Mark Wheeler

Mark Wheeler


What got you into running? And what keeps you doing it?
I find running gives me something to aim at. Running is my barometer. I can spend a lot of any given week sitting in a chair or rushing from meeting to meeting. So when I'm able, I love to have a run to see how my body is feeling. Having been super-active since a young age, the reality of becoming a grown-up, husband and father means you have less time on your hands. But running is very much time to focus on your own thoughts. Mull things over, get things straight in your head. It's also personal time to spend on achieving your own goals however grandiose or small they may be

What is your typical training routine?
I find that without some event to aim at, then it's harder to train. Maintenance runs can be pretty boring so getting your name down for a race means you have the fear factor and you can spice things up. It makes you push harder. I'll admit that I'm not a fabulous trainer. However, when I have an event in the calendar, I'll always aim to do two long runs during a week. Mid-week at a steady pace and then throwing in intervals and speed work at the weekend. I commute to work on my bike so that's great to keep the legs turning over in the mean time, and if I'm pushed for time the rowing machine is the ultimate way of packing a lot of effort into a short space of time.

Do you run with a club or a group?
Not currently. I'd be keen to if I can make it fit. I'm very fortunate that in Ealing where I live there are a number of very active clubs and I always feel inspired when they race past me in the park.

Where's the strangest place you've run?
Probably Lucerne in Switzerland. Not that Lucerne is strange at all, but it was more of a case of timing and clothing. I was there for a meeting and I was training for an event so was up early to go for a run around the (very steep) hills around the city. Unfortunately I hadn't bargained for the weather being a bracing minus 2. I'd only packed a vest and shorts so that was what I ran in. I figured I'd warm up eventually.... So it was no wonder that I was getting a huge number of amazed stares from the locals. Perhaps they aren't into their running in Lucerne?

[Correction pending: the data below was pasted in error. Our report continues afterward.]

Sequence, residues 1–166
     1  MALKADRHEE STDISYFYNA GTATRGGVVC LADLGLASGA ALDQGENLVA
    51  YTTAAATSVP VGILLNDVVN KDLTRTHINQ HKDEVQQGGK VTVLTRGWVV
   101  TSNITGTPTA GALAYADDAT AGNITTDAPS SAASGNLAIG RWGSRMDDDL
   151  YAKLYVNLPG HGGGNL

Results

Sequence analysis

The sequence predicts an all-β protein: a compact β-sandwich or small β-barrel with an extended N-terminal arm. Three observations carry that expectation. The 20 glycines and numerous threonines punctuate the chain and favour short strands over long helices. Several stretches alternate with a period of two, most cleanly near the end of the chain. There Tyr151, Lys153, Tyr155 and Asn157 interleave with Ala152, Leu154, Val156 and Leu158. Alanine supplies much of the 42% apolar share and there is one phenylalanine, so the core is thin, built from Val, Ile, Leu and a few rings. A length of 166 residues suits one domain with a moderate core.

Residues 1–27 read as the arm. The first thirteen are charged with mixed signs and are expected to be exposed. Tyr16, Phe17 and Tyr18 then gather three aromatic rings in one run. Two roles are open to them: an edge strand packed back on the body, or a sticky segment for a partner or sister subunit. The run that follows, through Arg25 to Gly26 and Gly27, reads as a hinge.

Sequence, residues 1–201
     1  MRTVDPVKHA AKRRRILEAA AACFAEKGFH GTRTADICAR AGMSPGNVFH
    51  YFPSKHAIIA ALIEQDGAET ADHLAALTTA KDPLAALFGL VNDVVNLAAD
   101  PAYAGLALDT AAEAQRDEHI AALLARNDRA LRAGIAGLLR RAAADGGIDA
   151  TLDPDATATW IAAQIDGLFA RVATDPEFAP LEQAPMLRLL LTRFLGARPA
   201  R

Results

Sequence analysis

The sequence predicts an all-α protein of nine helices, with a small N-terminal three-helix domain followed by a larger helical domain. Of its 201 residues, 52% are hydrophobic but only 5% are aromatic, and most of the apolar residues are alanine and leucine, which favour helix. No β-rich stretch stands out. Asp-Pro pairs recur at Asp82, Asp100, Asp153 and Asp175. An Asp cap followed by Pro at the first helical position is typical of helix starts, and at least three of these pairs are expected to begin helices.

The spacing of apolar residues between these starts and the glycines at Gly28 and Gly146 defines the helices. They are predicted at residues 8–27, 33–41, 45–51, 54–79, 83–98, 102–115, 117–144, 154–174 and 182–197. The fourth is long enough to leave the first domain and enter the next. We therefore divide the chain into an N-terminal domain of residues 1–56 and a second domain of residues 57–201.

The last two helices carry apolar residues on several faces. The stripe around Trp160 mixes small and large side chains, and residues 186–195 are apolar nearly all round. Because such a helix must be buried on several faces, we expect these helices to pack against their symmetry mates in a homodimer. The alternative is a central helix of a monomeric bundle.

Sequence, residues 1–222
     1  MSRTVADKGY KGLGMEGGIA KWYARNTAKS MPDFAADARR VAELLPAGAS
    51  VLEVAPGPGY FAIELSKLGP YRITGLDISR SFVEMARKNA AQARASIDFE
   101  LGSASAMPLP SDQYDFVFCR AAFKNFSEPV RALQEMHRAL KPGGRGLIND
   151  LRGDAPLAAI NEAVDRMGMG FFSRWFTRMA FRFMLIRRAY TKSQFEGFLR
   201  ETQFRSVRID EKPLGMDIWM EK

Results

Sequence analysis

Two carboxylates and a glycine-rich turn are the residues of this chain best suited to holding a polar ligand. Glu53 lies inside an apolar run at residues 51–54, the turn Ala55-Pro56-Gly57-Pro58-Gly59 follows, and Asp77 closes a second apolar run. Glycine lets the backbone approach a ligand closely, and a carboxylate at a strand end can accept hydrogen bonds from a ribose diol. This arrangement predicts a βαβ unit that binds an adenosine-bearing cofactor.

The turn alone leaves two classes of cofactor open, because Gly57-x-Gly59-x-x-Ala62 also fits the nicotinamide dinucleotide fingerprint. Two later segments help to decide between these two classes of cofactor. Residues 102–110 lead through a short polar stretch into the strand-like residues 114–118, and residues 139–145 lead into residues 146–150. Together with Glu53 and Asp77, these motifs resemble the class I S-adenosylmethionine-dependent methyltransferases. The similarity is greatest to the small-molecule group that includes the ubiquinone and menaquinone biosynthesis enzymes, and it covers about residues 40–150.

What song, if any, is guaranteed to make you run faster?
This is a bit of an odd one, but Nimrod, from the Enigma variations by Elgar, is something that always makes me dig deep. It's such a powerful tune full of uplifting emotion. It never fails to make the hair stand up on the back of my neck and the legs move faster. Failing that, then Lost in the Dream by The War on Drugs is a fabulous running album.

Do you run for the fun of it? Or for the results?
For the results. No doubt. If I haven't got something to aim at then I'm useless.

What is the best bit of advice you've had from another runner?
"There's no shame in walking" This advice was taken from a 60+ chap who breezed past me while I was spectacularly hitting the wall about 3 hours into the 2007 London Marathon. I felt so ashamed of myself. All of that training only to be hobbling along embankment watching my target time disappear off into the distance. From that moment if I've signed up for an marathon, half marathon, 10k or whatever, I make sure I've trained properly to avoid that moment again.

What simple advice would you give to a new or novice runner?
If you can afford a GPS watch or heart rate monitor then it can take your running to the next level. I've found huge improvements in the information (real time and post run) that you get from running with a watch. You know exactly how fast you're going, how hard you're working and you can actually make informed judgements on how to react. Otherwise, you really are just 'going out for run'. I'm not saying running without one is pointless at all. Any active movement we can fit into a given day is a good thing.

What is your favourite piece of SOAR kit?
The SOAR T-Shirt. Light, breathable and roomy.

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